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EU aims for world's biggest trade deal, again

December 29, 2018

The EU and Japan will soon become the world's biggest free trade area. But this record might be short-lived with Brussels chasing a deal with South America's Mercosur, EU's Cecilia Malmström has said.

Shipping containers in Buenos Aires
Image: picture-alliance/dpa/A. Perez Moreno

After the trade deal between the EU and Japan goes into effect on February 1, Brussels will focus on clinching a deal with South American Mercosur group before the end of next year to form an even bigger trading bloc, EU Trade Commissioner Cecilia Malmström told the German DPA news agency on Saturday.

The Mercosur trade area includes Argentina, Brazil, Paraguay, Uruguay, and Venezuela with the total population of some 260 million people. Venezuela's membership has been suspended in 2016 due to issues including its human rights record.

If the deal is completed, businesses on both sides of the Atlantic could save billions on tariffs.

The EU and Mercosur representatives have been working on a free trade deal since 2000. Earlier this year, Argentina's foreign minister Jorge Faurie said the accord might be concluded by September, but the talks have seemingly stalled in recent months.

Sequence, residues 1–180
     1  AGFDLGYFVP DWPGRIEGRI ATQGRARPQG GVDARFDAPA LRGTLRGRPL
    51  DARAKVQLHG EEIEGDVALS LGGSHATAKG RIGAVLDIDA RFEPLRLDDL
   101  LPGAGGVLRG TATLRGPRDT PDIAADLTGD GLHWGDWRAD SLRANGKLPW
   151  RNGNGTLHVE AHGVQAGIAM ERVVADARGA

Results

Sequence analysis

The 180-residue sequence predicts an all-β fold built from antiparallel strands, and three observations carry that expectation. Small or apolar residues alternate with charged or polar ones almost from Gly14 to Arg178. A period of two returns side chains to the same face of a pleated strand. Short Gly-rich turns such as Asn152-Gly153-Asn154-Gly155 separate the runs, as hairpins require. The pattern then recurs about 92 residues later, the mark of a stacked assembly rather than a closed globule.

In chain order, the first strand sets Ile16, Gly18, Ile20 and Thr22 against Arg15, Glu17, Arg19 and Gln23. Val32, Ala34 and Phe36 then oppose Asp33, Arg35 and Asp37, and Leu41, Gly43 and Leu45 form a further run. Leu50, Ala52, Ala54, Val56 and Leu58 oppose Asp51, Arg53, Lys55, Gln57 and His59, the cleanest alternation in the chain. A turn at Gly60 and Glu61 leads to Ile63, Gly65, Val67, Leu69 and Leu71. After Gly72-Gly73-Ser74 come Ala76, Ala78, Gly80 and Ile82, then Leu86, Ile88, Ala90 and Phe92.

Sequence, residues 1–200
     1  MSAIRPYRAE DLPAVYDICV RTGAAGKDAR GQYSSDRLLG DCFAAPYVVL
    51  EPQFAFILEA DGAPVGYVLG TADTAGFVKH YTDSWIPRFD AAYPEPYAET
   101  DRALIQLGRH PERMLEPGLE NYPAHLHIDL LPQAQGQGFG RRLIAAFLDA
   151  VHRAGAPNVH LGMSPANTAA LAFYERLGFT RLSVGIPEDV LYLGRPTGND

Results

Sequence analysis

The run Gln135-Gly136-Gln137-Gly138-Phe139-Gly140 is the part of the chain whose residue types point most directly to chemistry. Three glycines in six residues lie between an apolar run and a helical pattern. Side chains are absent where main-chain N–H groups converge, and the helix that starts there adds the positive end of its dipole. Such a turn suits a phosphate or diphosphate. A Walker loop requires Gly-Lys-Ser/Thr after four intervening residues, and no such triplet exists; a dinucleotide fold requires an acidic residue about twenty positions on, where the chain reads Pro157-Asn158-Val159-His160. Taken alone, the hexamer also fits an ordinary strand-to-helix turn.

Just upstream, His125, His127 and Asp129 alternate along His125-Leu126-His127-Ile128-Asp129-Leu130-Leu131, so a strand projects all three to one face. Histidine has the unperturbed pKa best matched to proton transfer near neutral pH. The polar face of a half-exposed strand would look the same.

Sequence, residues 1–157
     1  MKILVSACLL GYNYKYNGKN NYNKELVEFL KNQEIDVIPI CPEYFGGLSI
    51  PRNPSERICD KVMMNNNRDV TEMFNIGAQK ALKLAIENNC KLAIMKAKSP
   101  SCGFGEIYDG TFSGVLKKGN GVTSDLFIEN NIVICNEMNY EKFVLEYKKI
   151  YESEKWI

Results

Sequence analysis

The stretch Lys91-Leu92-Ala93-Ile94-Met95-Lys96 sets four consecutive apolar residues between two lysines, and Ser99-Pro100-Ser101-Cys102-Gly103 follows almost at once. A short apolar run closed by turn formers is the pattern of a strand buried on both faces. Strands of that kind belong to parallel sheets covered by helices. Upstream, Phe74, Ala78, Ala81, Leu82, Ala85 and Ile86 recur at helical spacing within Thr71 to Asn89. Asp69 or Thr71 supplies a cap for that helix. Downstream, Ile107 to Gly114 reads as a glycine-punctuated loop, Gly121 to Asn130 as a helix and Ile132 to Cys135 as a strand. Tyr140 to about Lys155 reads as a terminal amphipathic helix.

One of the reasons for the delay was the victory of far-right Jair Bolsonaro in Brazil, EU's Cecilia Malmström told DPA on Saturday. With Bolsonaro set to take office in January, the outgoing government was unable to make clear commitments on trade.

However, there are no indications that Bolsonaro's government would disrupt the talks, Malmström added.

"The new foreign minister told us that they would be happy to achieve the deal and that they would gladly continue talks," she said.

'Cognac' from Cognac

While the EU hopes to ready the deal by the end of 2019, Brussels remains insistent on several issues, including its system to protect food names – such as naming only a special kind of cheese produced in Greece "feta" or allowing only the beverages made in the French town of Cognac to bear the same name. In the past, Brussels has also fretted about the incoming influx of South American beef.

In turn, the South American partners are worried about liberalizing their car industry.

After the UK leaves the EU in March next year, the EU's single market will have some 450 million residents. The economic giant already has trade deals in place with many major countries, including Mexico and Canada. However, the talks on creating a joint trade area between the US and the EU have been halted after Donald Trump took office in 2016.

dj/aw (dpa, EFE, Reuters)